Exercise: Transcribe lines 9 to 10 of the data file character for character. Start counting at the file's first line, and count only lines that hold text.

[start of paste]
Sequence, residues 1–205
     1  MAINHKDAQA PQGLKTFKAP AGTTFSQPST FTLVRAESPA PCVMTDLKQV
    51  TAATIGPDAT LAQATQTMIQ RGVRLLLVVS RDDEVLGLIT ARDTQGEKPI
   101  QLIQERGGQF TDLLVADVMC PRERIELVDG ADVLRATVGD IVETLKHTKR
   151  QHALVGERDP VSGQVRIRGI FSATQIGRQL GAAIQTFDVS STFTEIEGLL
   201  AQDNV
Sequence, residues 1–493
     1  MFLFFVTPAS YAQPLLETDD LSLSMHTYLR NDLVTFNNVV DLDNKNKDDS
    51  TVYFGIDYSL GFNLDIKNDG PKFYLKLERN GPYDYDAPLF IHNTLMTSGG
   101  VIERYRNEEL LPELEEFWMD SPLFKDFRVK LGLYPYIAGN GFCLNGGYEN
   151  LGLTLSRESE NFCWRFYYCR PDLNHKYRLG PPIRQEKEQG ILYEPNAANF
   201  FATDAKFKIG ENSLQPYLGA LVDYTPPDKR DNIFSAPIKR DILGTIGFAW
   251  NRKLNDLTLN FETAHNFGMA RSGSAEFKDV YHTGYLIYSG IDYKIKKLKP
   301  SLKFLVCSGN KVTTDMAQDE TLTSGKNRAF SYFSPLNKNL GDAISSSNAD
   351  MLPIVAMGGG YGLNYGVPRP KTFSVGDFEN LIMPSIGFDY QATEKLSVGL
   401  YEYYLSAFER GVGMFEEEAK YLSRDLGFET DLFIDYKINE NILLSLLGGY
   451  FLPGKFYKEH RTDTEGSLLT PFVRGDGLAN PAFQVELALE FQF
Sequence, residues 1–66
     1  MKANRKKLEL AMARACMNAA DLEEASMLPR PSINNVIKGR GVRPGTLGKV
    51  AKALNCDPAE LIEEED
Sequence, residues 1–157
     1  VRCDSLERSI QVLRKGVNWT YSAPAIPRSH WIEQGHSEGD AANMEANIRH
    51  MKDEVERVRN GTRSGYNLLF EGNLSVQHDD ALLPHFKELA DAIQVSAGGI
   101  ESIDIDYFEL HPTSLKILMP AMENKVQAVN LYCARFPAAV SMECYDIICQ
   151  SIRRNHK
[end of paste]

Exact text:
    51  TVYFGIDYSL GFNLDIKNDG PKFYLKLERN GPYDYDAPLF IHNTLMTSGG
   101  VIERYRNEEL LPELEEFWMD SPLFKDFRVK LGLYPYIAGN GFCLNGGYEN